Kimura Takeo

Aaron Gerow aaron.gerow at
Wed Mar 24 20:19:22 EDT 2010

The Asahi reports this morning that the illustrious art director,  
Kimura Takeo, passed away on March 21, 2010, of pneumonia. He was 91.

Kimura is most famous for his collaborations with Suzuki Seijun, but  
KImura had already worked in the industry for over 20 years before he  
first joined Seijun on Akutaro in 1963. Kimura entered the Nikkatsu  
Tamagawa studio in 1941, but debuted as an art director at Daiei  
(which took over Nikkatsu's production division during the big wartime  
mergers) in 1945. His first well-known works were literary adaptations  
such as Gan (1953) or family dramas such as Keisatsu nikki (Police  
Diary, 1955). He returned to Nikkatsu when it resumed production in  
1954. He was central in helping create the "mukokuseki" or  
"nationless" feel of Nikkatsu Action films, creating a unique world  
mixing the imaginary and the real, foregrounding style and color. That  
was not his only style, however, as he also worked on the social  
realist films of Kumai Kei such as Shinobugawa (1972) and Sea and  
Poison (1986). His most famous work was probably Seijun's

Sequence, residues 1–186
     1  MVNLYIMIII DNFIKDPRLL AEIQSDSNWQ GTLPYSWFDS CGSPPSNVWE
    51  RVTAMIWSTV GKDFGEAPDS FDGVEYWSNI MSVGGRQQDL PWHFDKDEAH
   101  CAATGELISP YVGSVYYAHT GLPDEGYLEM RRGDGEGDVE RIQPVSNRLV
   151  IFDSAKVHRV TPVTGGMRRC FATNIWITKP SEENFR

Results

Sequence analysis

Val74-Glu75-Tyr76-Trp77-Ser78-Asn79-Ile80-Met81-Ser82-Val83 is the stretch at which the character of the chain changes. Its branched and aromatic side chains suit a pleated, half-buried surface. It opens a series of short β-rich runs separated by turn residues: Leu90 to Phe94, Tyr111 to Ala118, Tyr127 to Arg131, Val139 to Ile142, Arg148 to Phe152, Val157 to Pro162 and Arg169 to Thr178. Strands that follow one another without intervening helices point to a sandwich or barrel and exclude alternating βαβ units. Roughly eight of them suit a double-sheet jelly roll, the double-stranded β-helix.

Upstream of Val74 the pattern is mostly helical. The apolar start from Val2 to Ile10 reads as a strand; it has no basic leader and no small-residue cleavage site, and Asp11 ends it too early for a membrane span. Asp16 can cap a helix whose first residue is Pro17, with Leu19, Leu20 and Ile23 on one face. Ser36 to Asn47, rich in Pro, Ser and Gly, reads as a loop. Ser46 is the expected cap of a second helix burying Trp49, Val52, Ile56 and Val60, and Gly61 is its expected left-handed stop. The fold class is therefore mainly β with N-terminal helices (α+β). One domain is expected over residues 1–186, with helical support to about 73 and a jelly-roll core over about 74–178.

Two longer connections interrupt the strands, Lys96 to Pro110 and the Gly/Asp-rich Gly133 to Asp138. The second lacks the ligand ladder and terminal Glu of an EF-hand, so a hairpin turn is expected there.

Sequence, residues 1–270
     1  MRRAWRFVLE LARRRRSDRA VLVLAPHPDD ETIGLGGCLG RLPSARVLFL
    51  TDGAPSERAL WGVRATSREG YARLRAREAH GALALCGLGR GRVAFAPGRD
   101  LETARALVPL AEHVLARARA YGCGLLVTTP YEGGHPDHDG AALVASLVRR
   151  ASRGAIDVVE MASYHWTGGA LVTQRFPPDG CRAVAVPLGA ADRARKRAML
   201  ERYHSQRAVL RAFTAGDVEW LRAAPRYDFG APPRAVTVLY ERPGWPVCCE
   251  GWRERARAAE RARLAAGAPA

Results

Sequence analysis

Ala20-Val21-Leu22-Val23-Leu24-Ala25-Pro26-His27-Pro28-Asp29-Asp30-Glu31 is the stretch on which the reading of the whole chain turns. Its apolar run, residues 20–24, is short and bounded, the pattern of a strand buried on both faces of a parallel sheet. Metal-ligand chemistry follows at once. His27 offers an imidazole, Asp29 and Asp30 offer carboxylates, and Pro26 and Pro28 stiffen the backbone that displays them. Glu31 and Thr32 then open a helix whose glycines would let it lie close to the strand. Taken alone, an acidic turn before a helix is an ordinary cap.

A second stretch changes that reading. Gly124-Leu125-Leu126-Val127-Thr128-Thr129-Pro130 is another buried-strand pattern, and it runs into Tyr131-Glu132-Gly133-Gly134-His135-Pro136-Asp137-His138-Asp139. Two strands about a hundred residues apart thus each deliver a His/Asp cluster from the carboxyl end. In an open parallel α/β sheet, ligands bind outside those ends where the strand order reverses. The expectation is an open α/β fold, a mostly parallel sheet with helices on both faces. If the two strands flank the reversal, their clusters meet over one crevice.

Zigeunerweisen (1980), but other well known films include Itami Juzo's  
Tampopo (1985). He won a prize at the 1990 Montreal Film Festival for  
his work on Shikibu monogatari. As a footnote, Kimura was one of the  
eight people (including Sone Chusei, Yamatoya Atsushi, etc.) who  
participated in the scriptwriting for Seijun's films at Nikkatsu under  
the name Guru Hachiro.

Kimura returned to the news in the last few years for taking up the  
megaphone, helming the short Mugen Sasurai in 2004 and the feature  
films Yume no mani mani (2008) and Ogonka (2009), making him one of  
the oldest "new directors."

Kimura won many awards during his long career involving over 230  
films. He was the Yamaji Fumiko Culture Award in 1991, the Mainichi  
Art Award in 2006. He also served as the head of the Nikkatsu Art  
Academy. He wrote a number of books about his career and art  
directing, including Waga honseki wa eigakan (1986), Eiga bijutsu  
(2004), and the recent Urabanashi hitotsu eiga jinsei kyujunen (2009).

He was arguably the original and prominent of Japanese art directors  
and he will be missed.

Aaron Gerow
KineJapan owner

Associate Professor
Film Studies Program/East Asian Languages and Literatures
Yale University

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